Homelessness: A Problem with a Solution
It’s an all-too-common sight in communities across America. One that can be disturbing for many to take into full view. It’s the human face of the growing epidemic of homelessness.
“We can think of this crisis in abstract terms or data points, but at the heart of it are real people, our community’s most vulnerable residents, who just need a helping hand,” said Allison Ulrich, GCR’s new Senior Grants Manager who has spent her professional career working on issues of affordable housing and homelessness. “Now more than ever, ending homelessness is an important community and public health issue that urgently demands our attention.”
The challenge of homelessness is much more pervasive than many might imagine, and it is on the rise. According to the U.S. Department of Housing and Urban Development (HUD), more than half a million people experience homelessness on any given night. This comes at a high cost for cash-strapped cities, because people without housing often experience high rates of chronic mental and physical health conditions or co-occurring disorders and can be heavy consumers of public services.
“Homelessness has been an escalating problem for many communities, particularly those with limited resources, even prior to the coronavirus pandemic. We can only expect to see matters become more dire with what is forecasted to be a protracted recession. As communities contend with how best to protect their most vulnerable residents, finding effective solutions to homelessness is vital,” said Ulrich.
She says that while the causes of homelessness are often complex, the solution is straightforward: housing.
The challenge is, however, that many communities face an extreme shortage of affordable housing and have limited resources with which to fill the gap. As a California Bay Area native, a region that has some of the steepest rents and rates of homelessness in the nation, Ulrich has seen the effects firsthand. After earning a law degree, she began working in the Bay Area to provide housing counseling services. She went on to coordinate housing development activities across 10 area counties for the Department of Veterans Affairs, and she later began advising Continuums of Care across the U.S. She also serves as the Policy Chair for the American Public Health Association’s Caucus on Homelessness and on the board for a nonprofit organization that provides meals to those experiencing hunger and homelessness in New Orleans.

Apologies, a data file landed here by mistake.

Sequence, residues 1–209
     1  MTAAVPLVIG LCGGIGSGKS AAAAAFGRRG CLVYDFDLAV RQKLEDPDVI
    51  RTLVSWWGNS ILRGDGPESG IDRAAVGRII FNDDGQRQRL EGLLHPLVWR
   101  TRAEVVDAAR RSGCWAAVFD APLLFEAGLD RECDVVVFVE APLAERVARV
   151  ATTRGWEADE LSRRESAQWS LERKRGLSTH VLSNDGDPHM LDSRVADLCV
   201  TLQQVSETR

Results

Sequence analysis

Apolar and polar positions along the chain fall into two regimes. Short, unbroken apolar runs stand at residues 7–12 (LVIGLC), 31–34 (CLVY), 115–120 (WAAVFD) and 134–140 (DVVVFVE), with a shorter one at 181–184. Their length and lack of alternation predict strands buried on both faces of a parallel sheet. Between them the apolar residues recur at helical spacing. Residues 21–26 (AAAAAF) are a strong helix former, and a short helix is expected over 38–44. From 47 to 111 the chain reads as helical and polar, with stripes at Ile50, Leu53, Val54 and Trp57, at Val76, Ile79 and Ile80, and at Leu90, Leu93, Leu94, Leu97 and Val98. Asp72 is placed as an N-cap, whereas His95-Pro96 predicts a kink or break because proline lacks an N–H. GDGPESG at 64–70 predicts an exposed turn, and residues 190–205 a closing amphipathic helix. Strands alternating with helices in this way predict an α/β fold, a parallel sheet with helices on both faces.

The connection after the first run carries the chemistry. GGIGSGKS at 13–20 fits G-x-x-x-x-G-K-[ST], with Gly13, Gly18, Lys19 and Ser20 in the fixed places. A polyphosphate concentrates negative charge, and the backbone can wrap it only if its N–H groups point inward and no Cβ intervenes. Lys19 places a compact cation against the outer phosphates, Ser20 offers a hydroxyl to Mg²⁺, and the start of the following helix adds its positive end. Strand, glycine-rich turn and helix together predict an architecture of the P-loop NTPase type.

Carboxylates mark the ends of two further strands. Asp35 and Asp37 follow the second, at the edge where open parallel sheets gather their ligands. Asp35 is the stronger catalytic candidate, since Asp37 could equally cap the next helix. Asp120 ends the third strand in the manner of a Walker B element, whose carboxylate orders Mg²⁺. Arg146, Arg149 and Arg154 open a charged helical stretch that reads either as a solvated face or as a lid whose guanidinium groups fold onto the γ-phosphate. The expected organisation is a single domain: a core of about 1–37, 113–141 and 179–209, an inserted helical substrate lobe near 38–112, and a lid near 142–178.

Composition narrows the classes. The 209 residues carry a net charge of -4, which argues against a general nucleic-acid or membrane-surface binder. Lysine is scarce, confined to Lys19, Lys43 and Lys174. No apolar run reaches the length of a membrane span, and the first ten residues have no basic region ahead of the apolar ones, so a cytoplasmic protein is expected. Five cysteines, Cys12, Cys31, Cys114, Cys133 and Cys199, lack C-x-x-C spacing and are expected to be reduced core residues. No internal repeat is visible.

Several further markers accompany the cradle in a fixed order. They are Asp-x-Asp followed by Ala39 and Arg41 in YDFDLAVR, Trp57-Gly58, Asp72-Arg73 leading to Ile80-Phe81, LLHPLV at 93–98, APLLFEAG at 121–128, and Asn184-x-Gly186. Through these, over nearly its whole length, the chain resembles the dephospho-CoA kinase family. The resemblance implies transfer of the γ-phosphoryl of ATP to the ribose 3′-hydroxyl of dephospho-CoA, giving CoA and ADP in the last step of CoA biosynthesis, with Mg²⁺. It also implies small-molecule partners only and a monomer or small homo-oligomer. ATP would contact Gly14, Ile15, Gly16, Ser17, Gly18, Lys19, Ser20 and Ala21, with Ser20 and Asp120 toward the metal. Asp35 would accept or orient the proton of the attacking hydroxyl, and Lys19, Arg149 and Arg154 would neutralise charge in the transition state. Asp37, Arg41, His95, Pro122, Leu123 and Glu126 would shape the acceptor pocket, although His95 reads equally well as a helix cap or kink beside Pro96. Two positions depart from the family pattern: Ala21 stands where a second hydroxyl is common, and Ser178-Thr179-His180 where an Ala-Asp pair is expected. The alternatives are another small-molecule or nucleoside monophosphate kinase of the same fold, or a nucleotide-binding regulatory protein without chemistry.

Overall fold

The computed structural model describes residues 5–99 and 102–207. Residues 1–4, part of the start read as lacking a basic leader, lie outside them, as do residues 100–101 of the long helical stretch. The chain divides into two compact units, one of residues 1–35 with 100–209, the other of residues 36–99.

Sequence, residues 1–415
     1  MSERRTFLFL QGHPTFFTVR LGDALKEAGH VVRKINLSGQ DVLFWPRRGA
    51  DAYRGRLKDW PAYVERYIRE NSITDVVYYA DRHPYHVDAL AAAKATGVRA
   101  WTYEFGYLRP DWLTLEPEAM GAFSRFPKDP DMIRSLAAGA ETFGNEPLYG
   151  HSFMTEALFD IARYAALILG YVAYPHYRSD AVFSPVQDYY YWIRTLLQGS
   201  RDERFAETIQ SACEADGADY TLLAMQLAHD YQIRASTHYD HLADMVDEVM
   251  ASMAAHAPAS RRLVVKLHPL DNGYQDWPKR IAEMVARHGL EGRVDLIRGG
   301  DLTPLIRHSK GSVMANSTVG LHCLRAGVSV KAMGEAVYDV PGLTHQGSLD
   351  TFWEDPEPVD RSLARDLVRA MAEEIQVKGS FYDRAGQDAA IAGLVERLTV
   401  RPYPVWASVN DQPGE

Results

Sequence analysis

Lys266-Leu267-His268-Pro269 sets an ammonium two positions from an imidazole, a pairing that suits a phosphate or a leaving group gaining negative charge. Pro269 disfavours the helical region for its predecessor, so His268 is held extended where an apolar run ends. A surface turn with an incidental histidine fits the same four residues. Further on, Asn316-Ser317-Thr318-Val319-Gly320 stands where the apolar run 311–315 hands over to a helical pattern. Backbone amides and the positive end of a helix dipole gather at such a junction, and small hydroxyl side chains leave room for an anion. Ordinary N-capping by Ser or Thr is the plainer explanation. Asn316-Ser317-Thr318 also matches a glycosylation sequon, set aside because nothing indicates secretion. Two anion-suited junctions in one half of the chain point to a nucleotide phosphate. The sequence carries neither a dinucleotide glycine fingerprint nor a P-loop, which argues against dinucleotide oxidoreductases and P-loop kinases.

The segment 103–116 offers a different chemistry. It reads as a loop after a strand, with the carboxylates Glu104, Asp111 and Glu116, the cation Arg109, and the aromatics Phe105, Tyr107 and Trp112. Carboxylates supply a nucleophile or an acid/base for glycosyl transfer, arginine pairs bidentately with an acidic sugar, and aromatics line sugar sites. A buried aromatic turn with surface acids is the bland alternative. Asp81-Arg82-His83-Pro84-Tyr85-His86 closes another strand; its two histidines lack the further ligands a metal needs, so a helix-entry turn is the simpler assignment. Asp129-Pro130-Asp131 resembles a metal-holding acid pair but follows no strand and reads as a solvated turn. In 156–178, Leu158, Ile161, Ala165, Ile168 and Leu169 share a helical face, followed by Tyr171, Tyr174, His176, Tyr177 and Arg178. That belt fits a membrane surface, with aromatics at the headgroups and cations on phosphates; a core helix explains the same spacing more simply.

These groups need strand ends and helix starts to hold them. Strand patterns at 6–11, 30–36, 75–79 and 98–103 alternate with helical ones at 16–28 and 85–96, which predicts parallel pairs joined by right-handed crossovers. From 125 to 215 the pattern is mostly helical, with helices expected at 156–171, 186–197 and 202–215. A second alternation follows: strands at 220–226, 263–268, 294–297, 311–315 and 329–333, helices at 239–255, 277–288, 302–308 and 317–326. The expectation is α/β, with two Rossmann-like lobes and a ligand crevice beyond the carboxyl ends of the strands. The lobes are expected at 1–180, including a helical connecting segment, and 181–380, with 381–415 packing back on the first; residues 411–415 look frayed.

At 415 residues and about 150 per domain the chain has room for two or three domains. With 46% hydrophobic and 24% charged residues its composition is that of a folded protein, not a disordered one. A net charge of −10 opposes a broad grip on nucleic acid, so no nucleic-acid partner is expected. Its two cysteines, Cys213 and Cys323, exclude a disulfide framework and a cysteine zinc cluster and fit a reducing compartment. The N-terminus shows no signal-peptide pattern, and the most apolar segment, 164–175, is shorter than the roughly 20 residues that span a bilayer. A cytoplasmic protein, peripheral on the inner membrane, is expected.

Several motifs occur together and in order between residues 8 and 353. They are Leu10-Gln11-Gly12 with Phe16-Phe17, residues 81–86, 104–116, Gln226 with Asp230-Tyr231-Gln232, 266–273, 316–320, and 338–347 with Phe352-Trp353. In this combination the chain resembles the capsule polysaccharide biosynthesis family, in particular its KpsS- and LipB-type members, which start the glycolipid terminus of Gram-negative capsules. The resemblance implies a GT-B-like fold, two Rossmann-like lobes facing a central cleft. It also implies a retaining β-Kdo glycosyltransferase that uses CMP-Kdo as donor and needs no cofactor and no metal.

“Through my experiences across the country over the past 15 years, I’ve seen how focusing on data-driven, systems-level improvements can dramatically increase a community’s ability to house more people,” she said. “That’s why I am so excited about the potential we have at GCR. This team’s existing knowledge, experience, and dedication can completely change the game for Continuums of Care and others working to end homelessness.”
For nearly 40 years, local governments, public sector agencies, and organizations have counted on GCR’s extensive multidisciplinary expertise to help navigate the complex workloads of federal grant management, community planning, and real estate matters. With Ulrich’s addition, the company is broadening its services to include helping communities employ thoughtful and strategic approaches to addressing the urgent challenges of homelessness and housing instability.
“We will apply the same systems and expertise that GCR has become known for in its disaster management and community development work to help communities improve the lives of their most vulnerable members and support cost-effective housing solutions,” she said. “Creating and supporting efficient systems of care ultimately depends on effectively managing and maximizing resources.”
The chief source of funding for states, local governments, and nonprofit providers to address homelessness for families and individuals is HUD funding, which requires significant capacity and regulatory knowledge to be administered successfully.
As former state government grant and program administrators, best-in-class workflow developers, and planning experts, GCR brings lessons learned and best practices from administering and implementing over $200 billion in federal grants on behalf of communities across the country. Its team is also experienced in combining HUD funds with other sources in compliance with multi-agency regulations, which can translate into maximized housing outcomes.
“We are thrilled to have Allison join our team and open our eyes to how we can apply our resources and expertise to help communities address homelessness,” said Angele Romig, GCR’s President of Land and Grants Management. “This new service offering is a natural evolution for us and builds on our extensive work delivering strategic and effective solutions for the communities we serve. Whether needing to overcome crises or wanting to realize a brighter future, communities know they can rely on GCR.”
GCR improves, expedites, and digitally transforms public sector offerings in the areas of grants management, critical infrastructure, land and facilities management, elections, and government business services. Together with its subsidiaries, PCC Technology Inc. and MB3, GCR is recognized as one of the top government technology and service providers in the country.